American University in Cairo CAASIC fellow Anny Gaul (who blogs at imiksimik.wordpress.com) recently gave a talk at the AUC on “Shahrazad’d Pharmacy: Literary Objects that Delight and Instruct.” Will Barnes was there:
How does our understanding of food and its intended purposes effect our reading of Arabic texts? Doctoral student Anny Gaul‘s talk yesterday at the American University in Cairo attempted to answer that question.
A graduate student at Georgetown University in Arabic Literature, Gaul’s research focuses on food, society, and culture in the Middle East. She began by recanting the “The Porter and the Three Ladies of Baghdad,” a story from 1001 Nights.
The three women live alone in a lavish palace. One day, one goes to the market with a shopping list that includes, among other things, a number of flowers. Thereafter, they throw a lascivious party with several male strangers. Elliott Colla, in a chapter in Scheherazade’s Children, described the party as a “lusty sexual-linguistic romp,” and Geert Jan van Gelder in his book Of Dishes and Discourse refers to its “rich diet of food and sex.”
A superficial reading of the story would lead the reader to believe that the flowers only play an aesthetic role. But, as Gaul pointed out, some of these flowers served medical purposes, with some regulating the health of the uterus and with others inducing abortion.
Gaul qualified her point, stressing that it’s impossible to know for certain whether or not these women were aborting pregnancies, but being aware of the medicinal roles played by these flowers alters our understanding of the text.
Intrigued by this intersection of food and pharmacology, Gaul interviewed a number of ‘atariin. The word does not translate smoothly into English, being rendered variously as apothecary, pharmacist, druggist, apothecary, perfumist, or spice seller. She has spent hours discussing the various purposes of spices, foods, and perfumes with the ‘atariin.
The ‘atariin have continued to play an interesting role in the Middle East. A number of their products have been continually sourced from the same places for centuries. Regardless of whether ‘atariin have been characterized more by continuity or change, Gaul stressed that they still serve as nodes of cosmopolitanism in the Middle East.
One of the prevailing trends in the study of food and culture, Gaul remarked, is toward localism and is the outgrowth of European-centered studies. ‘Atariin challenge this framework and encourage scholars to stress how food represents intersecting networks that span and connect localities and disregards national borders.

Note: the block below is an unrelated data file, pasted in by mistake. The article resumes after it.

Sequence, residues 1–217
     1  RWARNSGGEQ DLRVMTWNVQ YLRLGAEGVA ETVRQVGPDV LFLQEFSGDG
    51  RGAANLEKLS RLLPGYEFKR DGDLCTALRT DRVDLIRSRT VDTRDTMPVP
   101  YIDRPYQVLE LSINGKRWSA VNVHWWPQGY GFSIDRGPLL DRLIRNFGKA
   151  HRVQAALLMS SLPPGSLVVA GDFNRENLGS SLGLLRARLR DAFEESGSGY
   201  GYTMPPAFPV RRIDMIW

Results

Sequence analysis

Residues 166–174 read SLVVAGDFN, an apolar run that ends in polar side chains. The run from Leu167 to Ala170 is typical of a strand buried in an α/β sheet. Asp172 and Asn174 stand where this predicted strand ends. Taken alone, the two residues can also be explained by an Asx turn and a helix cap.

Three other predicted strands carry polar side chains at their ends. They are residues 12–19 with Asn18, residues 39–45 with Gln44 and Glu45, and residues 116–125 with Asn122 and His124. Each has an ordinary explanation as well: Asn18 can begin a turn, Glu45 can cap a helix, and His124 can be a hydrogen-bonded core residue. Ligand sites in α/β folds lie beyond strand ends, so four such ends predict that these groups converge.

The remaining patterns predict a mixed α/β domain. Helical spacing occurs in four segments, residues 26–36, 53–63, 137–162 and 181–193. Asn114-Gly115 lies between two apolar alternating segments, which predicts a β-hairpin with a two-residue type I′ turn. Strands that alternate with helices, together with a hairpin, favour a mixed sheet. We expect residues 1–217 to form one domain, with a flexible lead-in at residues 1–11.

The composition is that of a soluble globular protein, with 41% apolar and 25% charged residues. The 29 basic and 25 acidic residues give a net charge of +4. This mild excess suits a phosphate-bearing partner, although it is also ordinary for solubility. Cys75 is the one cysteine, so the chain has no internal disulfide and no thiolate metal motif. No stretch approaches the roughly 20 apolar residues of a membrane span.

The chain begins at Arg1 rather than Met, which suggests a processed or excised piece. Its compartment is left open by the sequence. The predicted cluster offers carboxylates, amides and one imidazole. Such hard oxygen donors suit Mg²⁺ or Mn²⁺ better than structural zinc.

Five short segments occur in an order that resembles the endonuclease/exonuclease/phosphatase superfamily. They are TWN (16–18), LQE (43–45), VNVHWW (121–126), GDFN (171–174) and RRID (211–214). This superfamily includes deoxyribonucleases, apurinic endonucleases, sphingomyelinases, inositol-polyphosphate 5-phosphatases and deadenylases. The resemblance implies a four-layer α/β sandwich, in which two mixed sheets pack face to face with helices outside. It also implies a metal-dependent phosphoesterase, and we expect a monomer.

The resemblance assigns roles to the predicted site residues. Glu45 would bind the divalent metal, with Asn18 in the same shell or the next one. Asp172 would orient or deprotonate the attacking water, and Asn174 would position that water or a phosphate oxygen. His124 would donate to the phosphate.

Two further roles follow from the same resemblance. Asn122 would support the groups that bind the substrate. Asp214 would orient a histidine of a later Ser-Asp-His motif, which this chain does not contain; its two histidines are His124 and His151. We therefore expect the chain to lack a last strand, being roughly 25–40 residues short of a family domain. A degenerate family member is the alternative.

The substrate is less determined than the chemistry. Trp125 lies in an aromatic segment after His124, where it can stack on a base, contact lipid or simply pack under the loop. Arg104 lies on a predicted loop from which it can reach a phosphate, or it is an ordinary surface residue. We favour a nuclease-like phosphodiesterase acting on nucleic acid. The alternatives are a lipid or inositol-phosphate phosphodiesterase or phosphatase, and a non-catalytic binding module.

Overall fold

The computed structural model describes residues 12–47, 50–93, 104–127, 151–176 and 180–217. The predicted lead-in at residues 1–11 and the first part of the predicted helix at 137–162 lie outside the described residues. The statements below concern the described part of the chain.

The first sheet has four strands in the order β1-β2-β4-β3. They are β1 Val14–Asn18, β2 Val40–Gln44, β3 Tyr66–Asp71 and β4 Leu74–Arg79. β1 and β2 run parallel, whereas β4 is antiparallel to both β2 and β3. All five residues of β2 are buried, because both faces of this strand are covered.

Further emphasizing this point, Gaul referenced Abla Nazira, an Egyptian woman who the Egyptian government sent to Great Britain as part of a delegration to study culinary arts. Upon returning, Nazira published a 900-page cookbook in the 1940s. On the surface, Nazira’s experience seems to mirror those of other Arabs commissioned to study in Europe by governments keen to adopt the practices of the West. Nazira’s cookbook features French and British recipes, but it certainly does not fully endorse a Western view of cooking. In one telling example, Gaul pointed to Nazira’s instructions for cleaning. The book does not explain the best methods for cleaning Egyptian cheeses. Rather, it reminds its Egyptian readers that they know best and that they should maintain their current practices.
One of those practices involved washing poultry in a mixture of water and vinegar. This specific practice, Gaul argued, reminds scholars of the need to be attuned to both localism and cosmopolitanism in the study of food. After an informal survey of this practice, Gaul found that mainly people living in the Middle East and Latin America today wash their chicken in poultry and vinegar. Although this finding merits further study, Gaul noted that it resembled the journey traveled by mole from Baghdad to Al-Andalus to Latin America.
Gaul’s research focuses on an understudied topic. It reminds us of the artificial nature of national borders in the Arabic speaking world and the importance of understanding the roles of objects in Arabic literature.
Will Barnes works for the Center for the Study of Youth and Political Conflict. He was a CASA fellow at the American University in Cairo from 2012-2013.